A new study from researchers at the University of Missouri is making waves after finding that nearly half of teenage boys and college men have been forced into sex, usually by a female acquaintance.
Of the 284 boys and men between 14 and 26 surveyed by Bryana French and her team of Mizzou researchers, 43 percent said they'd had an unwanted sexual experience, and 95 percent said a girl or woman initiated that sexual experience, according to the data published in Psychology of Men and Masculinity.
"There is this assumption that men can't be assaulted, and that if they are assaulted, it's not that problematic," French tells Daily RFT. But French's study shows that while the psychological impacts of forced sex are different for boys and girls, men don't emerge unscathed from an unwanted sexual experience.
Boys who experienced unwanted sex were more likely to engage in risky sexual behaviors and increased drinking, according to the study. Students who were drugged or drunk when sexually coerced showed significant distress.
"It's still having a negative effect on their psychological wellness," French says.
There is one major difference, however, in how boys and girls react to forced sex, French says. Sexual assault has a significant impact on girls' self-esteem, but French's findings showed a neutral effect on self-esteem for boys, meaning their sense of identity wasn't affected by their unwanted sexual experience.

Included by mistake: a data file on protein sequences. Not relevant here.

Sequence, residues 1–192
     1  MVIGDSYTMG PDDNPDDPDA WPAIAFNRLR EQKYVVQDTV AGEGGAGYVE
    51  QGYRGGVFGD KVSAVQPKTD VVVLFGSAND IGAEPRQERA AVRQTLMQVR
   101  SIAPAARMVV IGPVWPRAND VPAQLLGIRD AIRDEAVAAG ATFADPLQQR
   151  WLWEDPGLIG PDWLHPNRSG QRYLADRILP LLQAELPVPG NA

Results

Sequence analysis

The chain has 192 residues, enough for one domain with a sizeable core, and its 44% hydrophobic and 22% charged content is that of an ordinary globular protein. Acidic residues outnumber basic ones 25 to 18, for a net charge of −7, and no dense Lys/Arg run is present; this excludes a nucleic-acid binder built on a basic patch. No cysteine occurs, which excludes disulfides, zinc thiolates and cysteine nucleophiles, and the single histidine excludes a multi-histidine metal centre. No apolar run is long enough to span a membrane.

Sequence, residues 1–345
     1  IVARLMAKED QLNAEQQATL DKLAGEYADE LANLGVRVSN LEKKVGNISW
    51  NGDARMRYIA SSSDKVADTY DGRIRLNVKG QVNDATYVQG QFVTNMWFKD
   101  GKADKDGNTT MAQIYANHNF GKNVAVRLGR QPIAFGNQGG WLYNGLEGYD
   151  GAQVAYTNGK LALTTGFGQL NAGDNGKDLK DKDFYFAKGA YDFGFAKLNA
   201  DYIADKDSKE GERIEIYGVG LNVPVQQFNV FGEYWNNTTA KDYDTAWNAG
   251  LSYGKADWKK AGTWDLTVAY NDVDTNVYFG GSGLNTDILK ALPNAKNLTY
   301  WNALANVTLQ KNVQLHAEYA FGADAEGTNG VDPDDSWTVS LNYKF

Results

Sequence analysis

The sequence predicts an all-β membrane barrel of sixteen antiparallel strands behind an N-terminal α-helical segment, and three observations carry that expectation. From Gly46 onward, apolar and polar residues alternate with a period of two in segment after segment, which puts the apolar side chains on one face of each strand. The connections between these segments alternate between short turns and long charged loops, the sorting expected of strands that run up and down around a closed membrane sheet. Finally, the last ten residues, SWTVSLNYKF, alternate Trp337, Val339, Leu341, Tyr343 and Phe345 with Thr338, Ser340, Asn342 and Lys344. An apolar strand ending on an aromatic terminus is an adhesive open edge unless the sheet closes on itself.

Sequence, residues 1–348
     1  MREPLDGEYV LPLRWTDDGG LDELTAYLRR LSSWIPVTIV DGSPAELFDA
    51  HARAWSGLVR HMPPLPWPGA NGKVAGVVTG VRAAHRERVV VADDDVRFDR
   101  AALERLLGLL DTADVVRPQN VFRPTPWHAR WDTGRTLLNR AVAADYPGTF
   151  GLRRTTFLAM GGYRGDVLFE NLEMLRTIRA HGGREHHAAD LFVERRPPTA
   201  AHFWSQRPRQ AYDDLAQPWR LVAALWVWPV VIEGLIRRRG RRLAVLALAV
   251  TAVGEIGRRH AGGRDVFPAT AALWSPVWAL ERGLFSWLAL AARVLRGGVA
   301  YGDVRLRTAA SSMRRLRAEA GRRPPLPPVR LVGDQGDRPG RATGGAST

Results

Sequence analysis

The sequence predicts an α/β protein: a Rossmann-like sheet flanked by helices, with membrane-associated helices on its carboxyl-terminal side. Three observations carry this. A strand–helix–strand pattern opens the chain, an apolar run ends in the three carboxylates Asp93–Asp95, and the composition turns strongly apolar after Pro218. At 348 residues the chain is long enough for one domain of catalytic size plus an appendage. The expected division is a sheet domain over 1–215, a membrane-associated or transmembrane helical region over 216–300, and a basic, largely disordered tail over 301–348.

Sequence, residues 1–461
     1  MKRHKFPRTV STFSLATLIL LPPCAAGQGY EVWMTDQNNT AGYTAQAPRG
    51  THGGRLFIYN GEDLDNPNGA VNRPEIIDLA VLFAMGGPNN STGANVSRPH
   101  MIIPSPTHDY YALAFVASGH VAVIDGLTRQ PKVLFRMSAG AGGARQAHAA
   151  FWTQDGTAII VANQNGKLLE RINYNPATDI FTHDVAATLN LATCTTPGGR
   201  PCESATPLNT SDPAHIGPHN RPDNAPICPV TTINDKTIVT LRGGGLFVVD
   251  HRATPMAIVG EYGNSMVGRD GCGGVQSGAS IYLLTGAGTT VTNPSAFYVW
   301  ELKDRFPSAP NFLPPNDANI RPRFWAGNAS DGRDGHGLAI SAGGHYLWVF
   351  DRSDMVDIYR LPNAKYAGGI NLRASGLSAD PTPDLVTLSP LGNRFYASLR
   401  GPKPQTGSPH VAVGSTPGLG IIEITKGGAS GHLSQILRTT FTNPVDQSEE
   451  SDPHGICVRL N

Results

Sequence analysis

"It may be the case that sexual coercion by women doesn't affect males' self-perceptions in the same way that it does when women are coerced," French says. "Instead, it may inadvertently be consistent with expectations of masculinity and sexual desire, though more research is needed to better understand this relationship."
In other words, in a world where men are expected to "sow their seeds" and bed lots of ladies, having sex -- even if it's unwanted -- may be consistent with boys' views of themselves. Scientists say that's not the case for girls, who are often socially instructed to feel shame or guilt after sex, wanted or not.
Twenty-six percent of boys in the study say they were forced into sex by unwanted seduction. Get more of the numbers behind the study on page 2. French admits the numbers she found -- 43 percent of boys and men report an unwanted sexual encounter -- seem high, but she attributes that to a broadening of the definitions she and her team operated under.
For example, French says, people often think of forcing sex as a violent, physical act, but researchers also asked about verbal coercion ("My partner threatened to spread rumors about me if I didn't have sex with her") manipulation by substance ("My partner encouraged me to drink alcohol and then took advantage") and seduction ("My partner tried to interest me by sexual touching, but I was not interested").
Eighteen percent of the boys and college-age men in the study reported sexual coercion by physical force; 31 percent said they were verbally coerced; 26 percent said they were victim to unwanted seduction; and 7 percent said the unwanted sex came after being given alcohol and drugs.
For half of the boys in the study, the unwanted advances resulted in sexual intercourse. Ten percent reported attempting to have intercourse, and the remaining 40 percent say they were forced into unwanted kissing or fondling.
French says she hesitates to infer from her study that young girls and women are more sexually aggressive now than before, especially because she didn't specifically study female behavior in the survey.
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